Risk of Lung Cancer Increases With Diets Higher in Saturated Fats

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High intake of total and saturated fat demonstrated an increased risk of lung cancer, researchers found.
High intake of total and saturated fat demonstrated an increased risk of lung cancer, researchers found.

Consumption of high amounts of saturated fats and low amounts of polyunsaturated fats may increase a person's risk of developing lung cancer, according to a study published in The Journal of Clinical Oncology.1

Patient nutrition and dietary factors have long been identified as playing a role in cancer risk. Factors such as tobacco smoking and environmental exposures are closely linked to the occurrence of lung cancer, but new evidence shows that consuming specific types of fat may also impact the risk of lung cancer.

This pooled analysis of 10 prospective cohort studies identified nearly 19,000 patients with primary incident lung cancer over a mean follow-up period of 9.4 years.

High intake of total and saturated fat demonstrated an increased risk of lung cancer in the highest quintile vs the lowest quintile (hazard ratio [HR], 1.07 vs 1.14, respectively; 95% CI, 1.00-1.15 vs 1.07-1.22, respectively; P <.001).

High intake of polyunsaturated fats consumption, however, demonstrated a decreased risk of lung cancer in the highest quintile vs the lowest quintile (HR, 0.92; 95% CI, 0.87-0.98; P =.02).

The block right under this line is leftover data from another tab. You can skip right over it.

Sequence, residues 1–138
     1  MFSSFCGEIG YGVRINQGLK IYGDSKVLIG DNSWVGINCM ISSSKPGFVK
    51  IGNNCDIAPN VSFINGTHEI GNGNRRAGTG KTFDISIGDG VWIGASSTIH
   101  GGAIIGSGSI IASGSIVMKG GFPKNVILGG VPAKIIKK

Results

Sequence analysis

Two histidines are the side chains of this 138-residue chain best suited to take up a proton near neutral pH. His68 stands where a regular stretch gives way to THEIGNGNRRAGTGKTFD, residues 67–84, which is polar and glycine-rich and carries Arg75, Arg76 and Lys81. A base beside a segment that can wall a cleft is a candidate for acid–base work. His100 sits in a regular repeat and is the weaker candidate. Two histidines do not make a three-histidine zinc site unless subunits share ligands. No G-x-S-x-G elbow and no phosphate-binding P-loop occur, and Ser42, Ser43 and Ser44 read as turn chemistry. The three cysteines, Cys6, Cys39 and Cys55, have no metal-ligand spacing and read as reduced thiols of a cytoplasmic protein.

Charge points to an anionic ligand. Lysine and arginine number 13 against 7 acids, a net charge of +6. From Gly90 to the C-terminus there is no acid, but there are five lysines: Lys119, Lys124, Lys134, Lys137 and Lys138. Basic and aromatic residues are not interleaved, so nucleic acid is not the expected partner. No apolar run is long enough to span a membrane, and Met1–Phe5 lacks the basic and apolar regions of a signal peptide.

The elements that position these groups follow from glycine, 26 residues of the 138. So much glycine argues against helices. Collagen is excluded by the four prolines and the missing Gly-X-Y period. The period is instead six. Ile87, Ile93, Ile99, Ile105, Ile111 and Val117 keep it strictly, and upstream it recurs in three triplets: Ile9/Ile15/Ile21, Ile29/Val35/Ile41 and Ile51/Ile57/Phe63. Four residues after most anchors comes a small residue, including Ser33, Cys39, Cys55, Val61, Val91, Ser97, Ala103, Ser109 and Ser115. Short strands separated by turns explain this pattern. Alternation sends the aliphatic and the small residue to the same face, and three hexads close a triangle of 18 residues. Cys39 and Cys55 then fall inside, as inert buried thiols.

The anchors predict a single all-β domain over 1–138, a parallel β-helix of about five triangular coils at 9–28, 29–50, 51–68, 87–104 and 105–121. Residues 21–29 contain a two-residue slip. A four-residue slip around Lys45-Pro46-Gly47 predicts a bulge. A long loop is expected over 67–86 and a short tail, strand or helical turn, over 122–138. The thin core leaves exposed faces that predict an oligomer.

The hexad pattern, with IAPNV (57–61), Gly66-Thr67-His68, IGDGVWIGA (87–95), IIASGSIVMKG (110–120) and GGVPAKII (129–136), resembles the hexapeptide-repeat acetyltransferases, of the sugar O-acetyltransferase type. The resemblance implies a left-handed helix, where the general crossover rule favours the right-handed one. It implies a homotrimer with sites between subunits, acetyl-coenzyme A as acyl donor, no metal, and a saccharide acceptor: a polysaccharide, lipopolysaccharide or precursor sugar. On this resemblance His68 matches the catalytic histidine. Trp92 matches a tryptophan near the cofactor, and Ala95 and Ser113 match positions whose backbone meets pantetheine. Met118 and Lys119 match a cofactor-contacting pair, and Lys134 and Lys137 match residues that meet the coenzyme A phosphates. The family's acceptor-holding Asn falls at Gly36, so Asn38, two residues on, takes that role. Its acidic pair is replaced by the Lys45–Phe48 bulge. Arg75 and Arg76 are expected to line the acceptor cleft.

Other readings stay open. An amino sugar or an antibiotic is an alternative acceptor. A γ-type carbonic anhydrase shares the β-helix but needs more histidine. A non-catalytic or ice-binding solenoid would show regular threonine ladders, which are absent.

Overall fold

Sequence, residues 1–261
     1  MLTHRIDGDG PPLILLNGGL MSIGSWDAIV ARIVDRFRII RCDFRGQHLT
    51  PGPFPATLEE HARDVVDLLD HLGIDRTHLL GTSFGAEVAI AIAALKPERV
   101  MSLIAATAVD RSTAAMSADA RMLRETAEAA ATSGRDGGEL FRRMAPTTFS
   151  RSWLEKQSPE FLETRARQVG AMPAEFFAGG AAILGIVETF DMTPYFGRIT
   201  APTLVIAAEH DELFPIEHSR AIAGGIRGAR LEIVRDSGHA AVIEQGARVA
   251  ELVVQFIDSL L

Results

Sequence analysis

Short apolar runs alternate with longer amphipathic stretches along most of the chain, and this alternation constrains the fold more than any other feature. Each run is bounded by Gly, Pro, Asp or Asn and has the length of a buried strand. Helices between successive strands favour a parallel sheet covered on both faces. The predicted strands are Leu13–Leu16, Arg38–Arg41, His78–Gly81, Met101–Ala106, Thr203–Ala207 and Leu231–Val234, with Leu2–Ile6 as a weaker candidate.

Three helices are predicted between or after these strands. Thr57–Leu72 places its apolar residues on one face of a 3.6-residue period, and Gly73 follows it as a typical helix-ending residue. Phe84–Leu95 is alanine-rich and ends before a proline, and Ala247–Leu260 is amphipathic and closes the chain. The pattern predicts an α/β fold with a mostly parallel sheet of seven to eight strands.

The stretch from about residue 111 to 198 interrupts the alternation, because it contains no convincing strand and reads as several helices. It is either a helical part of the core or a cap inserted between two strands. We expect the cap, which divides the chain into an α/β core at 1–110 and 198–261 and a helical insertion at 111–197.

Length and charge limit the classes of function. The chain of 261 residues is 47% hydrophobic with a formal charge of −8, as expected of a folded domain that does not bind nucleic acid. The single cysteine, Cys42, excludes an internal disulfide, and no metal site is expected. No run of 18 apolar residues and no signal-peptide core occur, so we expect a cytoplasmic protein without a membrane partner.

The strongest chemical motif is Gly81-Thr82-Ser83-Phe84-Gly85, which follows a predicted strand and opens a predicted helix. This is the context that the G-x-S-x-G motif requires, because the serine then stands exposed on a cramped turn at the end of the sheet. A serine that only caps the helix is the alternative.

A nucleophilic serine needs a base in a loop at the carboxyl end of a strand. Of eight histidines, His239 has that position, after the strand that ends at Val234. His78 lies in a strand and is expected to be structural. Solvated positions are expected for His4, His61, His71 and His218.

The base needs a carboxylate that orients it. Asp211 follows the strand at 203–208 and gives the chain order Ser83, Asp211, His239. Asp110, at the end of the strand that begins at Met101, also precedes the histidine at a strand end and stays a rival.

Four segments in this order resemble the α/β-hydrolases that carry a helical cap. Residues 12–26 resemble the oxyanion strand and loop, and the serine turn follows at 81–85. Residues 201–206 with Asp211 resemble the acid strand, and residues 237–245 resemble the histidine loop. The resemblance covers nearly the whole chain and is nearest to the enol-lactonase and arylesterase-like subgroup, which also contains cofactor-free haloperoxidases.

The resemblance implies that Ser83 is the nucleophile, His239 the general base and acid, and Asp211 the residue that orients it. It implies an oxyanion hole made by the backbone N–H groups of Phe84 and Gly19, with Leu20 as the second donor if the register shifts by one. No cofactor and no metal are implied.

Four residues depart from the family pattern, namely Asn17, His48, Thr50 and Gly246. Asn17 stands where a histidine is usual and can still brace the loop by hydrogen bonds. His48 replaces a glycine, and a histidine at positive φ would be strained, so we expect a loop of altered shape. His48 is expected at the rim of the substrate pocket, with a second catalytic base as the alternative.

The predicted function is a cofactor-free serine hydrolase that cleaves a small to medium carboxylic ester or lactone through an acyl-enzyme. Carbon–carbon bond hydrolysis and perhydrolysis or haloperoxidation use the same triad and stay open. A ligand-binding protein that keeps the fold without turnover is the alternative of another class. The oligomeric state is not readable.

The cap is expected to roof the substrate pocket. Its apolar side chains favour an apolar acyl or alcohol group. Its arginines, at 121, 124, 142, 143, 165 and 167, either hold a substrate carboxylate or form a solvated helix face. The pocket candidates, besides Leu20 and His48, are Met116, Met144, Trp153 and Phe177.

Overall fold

The increased risk associated with saturated fats was more pronounced in current smokers (HR, 1.23; 95% CI, 1.13-1.35; P <.001) vs former and never smokers, and was higher specifically for the risk of squamous cell and small cell carcinoma more than any other histologic types (HR, 1.61 vs 1.40, respectively; 95% CI, 1.38-1.88 vs 1.17-1.67, respectively; P <.001).

The study also reported that substituting 5% of energy of saturated fats with polyunsaturated fat led to a 12% reduction in risk of lung cancer, and a 16% to 17% reduction in risk of small cell and squamous cell carcinoma specifically.

The investigators concluded that “promoting polyunsaturated fat while reducing saturated fat intake, especially among current smokers and recent quitters, may present a modifiable dietary approach to the prevention of not only cardiovascular disease but also lung cancer.”

Reference

1. Yang JJ, Yu D, Takata Y, et al. Dietary fat intake and lung cancer risk: a pooled analysis [published online July 25, 2017]. J Clin Oncol. doi: 10.1200/JCO.2017.73.3329

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